The flip side of steel is that it can be repaired, and I had a local framebuilder repair a steel Kona that broke, twice, back in the late 90s under my hack ridership.

The repainting thing is just Trek making stuff up, but frame warranties seem to be a thing of the past generally, as noted by earlier posters.
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Old 10-17-06, 02:17 PM
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If you're not riding in the mountains, why replace it with another mountain bike? If the frame warrany doesn't pan out, I'd look at this as an opportunity to try a cyclocross or touring frame, or even just a plain old roadie.

Steel for the record, can crack just like any other material. The advantage of steel is that cracks don't usually propagate in a critical fashion, so there's less risk of catastrophic failure.
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Old 10-17-06, 02:23 PM
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Originally Posted by ghettocruiser
Hmm. I actually have a pile of cracked steel frames in my basement and ride all aluminum these days.

It comes down to manufacturing quality first, and materials a distant second. I liked riding steel as much as the next guy, but I did have three steel frames break due to metal fatigue, which was a product of suspect manufacturing.
I agree that manufacturing quality is much more important than the actual material, all things considered!

My understanding (based on reading Bicycling Science and a bunch of online articles) is that steel bicycle frames usually fail due to LOW-CYCLE fatigue, meaning they fail due to the effect of 10-1000 of the worst shocks they've received over their lifetime, rather than due to HIGH-CYCLE fatigue, which would be the cumulative effect of millions of very small shocks. Aluminum has no endurance limit, meaning that even the smallest shocks contribute to high-cycle fatigue, whereas steel has an endurance limit, which is a sort of threshold for the severity of a shock: below this threshold it won't contribute to high-cycle fatigue. As far as I understand it, given equally good metallurgy, design, and welding an aluminum frame will be more likely to fail after prolonged use, because it's more vulnerable to high-cycle fatigue.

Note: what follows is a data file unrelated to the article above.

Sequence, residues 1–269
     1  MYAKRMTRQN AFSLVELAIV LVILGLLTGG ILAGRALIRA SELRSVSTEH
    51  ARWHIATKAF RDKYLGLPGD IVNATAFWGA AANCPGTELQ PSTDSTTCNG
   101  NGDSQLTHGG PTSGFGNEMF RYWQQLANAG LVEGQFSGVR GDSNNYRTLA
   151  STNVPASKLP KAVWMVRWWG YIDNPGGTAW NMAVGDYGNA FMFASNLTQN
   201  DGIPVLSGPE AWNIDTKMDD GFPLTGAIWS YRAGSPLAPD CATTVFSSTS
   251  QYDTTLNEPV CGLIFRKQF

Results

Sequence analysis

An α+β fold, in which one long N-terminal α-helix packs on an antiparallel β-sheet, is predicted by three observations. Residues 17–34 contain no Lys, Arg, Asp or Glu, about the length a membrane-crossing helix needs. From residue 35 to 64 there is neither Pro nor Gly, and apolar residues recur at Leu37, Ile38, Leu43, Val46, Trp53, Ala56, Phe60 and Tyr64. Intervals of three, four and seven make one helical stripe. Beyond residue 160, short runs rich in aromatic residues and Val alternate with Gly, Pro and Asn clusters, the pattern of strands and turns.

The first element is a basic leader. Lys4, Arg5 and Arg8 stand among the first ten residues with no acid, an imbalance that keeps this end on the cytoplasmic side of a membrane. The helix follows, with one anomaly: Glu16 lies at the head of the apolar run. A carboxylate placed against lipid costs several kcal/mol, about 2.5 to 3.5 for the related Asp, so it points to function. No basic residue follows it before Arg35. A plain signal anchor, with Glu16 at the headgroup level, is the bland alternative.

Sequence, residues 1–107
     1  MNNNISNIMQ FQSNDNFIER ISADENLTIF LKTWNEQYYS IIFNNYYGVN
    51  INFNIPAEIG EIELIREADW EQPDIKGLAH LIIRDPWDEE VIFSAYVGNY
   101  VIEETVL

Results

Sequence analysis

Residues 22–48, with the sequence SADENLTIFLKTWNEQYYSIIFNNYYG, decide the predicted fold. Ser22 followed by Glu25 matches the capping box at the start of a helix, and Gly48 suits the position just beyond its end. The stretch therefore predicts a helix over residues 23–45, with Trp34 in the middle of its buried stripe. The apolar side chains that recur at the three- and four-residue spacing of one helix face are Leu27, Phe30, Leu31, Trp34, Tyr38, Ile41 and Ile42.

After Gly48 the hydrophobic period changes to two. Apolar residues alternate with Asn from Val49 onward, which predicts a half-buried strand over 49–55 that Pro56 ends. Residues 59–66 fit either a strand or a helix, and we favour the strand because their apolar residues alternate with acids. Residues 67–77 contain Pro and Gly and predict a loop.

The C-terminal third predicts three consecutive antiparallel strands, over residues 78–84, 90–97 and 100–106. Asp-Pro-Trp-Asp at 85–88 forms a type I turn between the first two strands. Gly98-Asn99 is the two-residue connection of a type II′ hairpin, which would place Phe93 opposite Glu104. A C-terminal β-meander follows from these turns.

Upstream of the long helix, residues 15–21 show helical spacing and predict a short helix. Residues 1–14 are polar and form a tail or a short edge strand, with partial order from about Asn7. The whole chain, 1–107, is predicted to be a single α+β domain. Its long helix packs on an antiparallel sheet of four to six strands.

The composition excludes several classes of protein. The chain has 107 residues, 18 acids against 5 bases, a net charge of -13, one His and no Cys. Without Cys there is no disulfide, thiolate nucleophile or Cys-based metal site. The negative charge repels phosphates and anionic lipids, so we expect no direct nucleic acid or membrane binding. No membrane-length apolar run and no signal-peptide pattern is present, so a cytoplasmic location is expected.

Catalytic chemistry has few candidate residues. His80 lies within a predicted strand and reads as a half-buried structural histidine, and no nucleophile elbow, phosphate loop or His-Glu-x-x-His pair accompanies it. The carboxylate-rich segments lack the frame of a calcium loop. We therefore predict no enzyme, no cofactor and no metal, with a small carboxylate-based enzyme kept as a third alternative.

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Old 10-17-06, 02:50 PM
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After seeing the pictures, I'd be curious to see the crack after the side stand has been removed and the area cleaned up a bit. It would be interesting to see where the crack goes under the layer of dirt.

I have seen more than one frame ruined from chainstay-mount sidestands. There has to be a better way to mount a kick stand that doesn't squeeze the tubes like that.
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Old 10-17-06, 02:57 PM
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Originally Posted by krazygluon
If you're not riding in the mountains, why replace it with another mountain bike? If the frame warrany doesn't pan out, I'd look at this as an opportunity to try a cyclocross or touring frame, or even just a plain old roadie.

You know, I was kind of thinking the same thing months ago when I was looking at new bikes. A cyclocross bike seemed like a nice compromise for my needs. I do want something with that can accomodate thicker tires though, which is why I was kind of drawn to the Bad Boy as another type of compromise. How many of my mountain components could I use on a cyclocross frame? I'm still open to any suggestions on new bikes/frames.

And for the record, yes I'm certain it's a crack. I tried zooming in closer for those pictures but then the shot comes out very blurry. The owner of my LBS confirmed it as well when I discovered it.

Trek got back to me again. They said it might be possible to buy a frame at a discount, but it would have to be the same frame that is broken, and I would need to speak to the shop I got the bike from about it. I'll have to see what kind of price they quote me, but until then I'm still looking into a new frame...